Mobile Photography & Art Saturday Poetry – ‘Instrument’ by Dao Strom with Sarah Bichachi

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This weeks Saturday Poetry, matched with mobile photography/art is entitled ‘Instrument’. “I wrote this poem at the end of 2016. In the wake of the election, the phrase ‘burning-est woken of time’ spoke to a sense of urgency and self-questioning as to what kind of ‘instrument’ I would wish to be, and how. I remember there were a lot of words in the air at the time, rhetoric zinging back and forth on how to fight, resist, right and wrong ways to be, etc.—and maybe in response a part of me was craving a quieter version of myself, to be a conduit and hold channels open without falling prey to (or simply reflecting back) the anxieties around me/us. Playing with ‘-ist’ and ‘-est,’ and the placement of stanzas were further ways for me to contemplate sound and the extremities of language, as well as the slippery ease with which we create hierarchies of meaning by how we configure words” explained Dao Strom.

Dao Strom is the author of several books, including the bilingual poetry/art book, You Will Always Be Someone From Somewhere Else, (AJAR Press, 2018) and a hybrid-form memoir We Were Meant To Be a Gentle People, accompanied by a song-cycle, East/West (Press Otherwise, 2015). She is the editor of diaCRITICS and lives in Portland, Oregon.

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I have matched this image entitled ‘Chocolate Tears’ by Sarah Bichachi – @sarahbichachi with this poem.

You can view and follow her work on Instagram here.

If you would like to be featured in our Saturday Poetry section, please ensure you include the hashtag #theappwhisperer to any images posted to Instagram. This will mean we will be able to consider it.

To view the others we have published in this section, go here.

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Mobile Photography / Art – Saturday Poetry ‘Adore’ by Li-Young Lee with

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This weeks Saturday Poetry, matched with mobile photography/art is entitled ‘Adore’ by Li-Young Lee.  Lee was born in 1957 in Jakarta, Indonesia, to Chinese parents. His father had been a personal physician to Mao Zedong while in China, and relocated the family to Indonesia, where he helped found Gamaliel University. In 1959, the Lee family fled the country to escape anti-Chinese sentiment and after a five-year trek through Hong Kong, Macau, and Japan, they settled in the United States in 1964.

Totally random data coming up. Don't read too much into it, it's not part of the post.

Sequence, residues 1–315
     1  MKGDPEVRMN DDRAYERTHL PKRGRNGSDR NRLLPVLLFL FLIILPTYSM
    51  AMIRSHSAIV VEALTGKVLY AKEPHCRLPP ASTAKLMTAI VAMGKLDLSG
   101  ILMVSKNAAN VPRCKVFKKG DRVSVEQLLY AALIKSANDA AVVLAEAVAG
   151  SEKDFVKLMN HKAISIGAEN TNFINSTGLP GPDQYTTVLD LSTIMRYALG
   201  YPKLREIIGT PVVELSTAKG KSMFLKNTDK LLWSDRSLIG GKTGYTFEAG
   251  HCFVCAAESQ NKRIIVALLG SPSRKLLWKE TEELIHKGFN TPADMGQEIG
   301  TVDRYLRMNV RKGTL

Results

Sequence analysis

Lee attended the University of Pittsburgh and University of Arizona, and the State University of New York at Brockport. He has taught at several universities, including Northwestern and the University of Iowa.

He is the author of The Undressing (W. W. Norton, 2018); Behind My Eyes (W. W. Norton, 2008); Book of My Nights (BOA Editions, 2001), which won the 2002 William Carlos Williams Award; The City in Which I Love You (BOA Editions, 1990), which was the 1990 Lamont Poetry Selection; and Rose (BOA Editions, 1986), which won the Delmore Schwartz Memorial Poetry Award.

His other work includes Breaking the Alabaster Jar: Conversations with Li-Young Lee (Edited by Earl G. Ingersoll, BOA Editions, 2006), a collection of twelve interviews with Lee at various stages of his artistic development; and The Winged Seed: A Remembrance (Simon and Schuster, 1995), a memoir which received an American Book Award from the Before Columbus Foundation.

With regard to Lee’s work, the poet Gerald Stern has noted that “what characterizes [his] poetry is a certain humility… a willingness to let the sublime enter his field of concentration and take over, a devotion to language, a belief in its holiness.”

He has been the recipient of a Fellowship from the Academy of American Poets, a Lannan Literary Award, a Whiting Writer’s Award, the PEN Oakland/Josephine Miles Award, the I. B. Lavan Award, three Pushcart Prizes, and grants from the Illinois Arts Council, the Commonwealth of Pennsylvania, the Pennsylvania Council on the Arts, and the National Endowment for the Arts, as well as a Guggenheim Foundation fellowship. In 1998, he received the honorary degree of Doctor of Humane Letters from State University of New York at Brockport.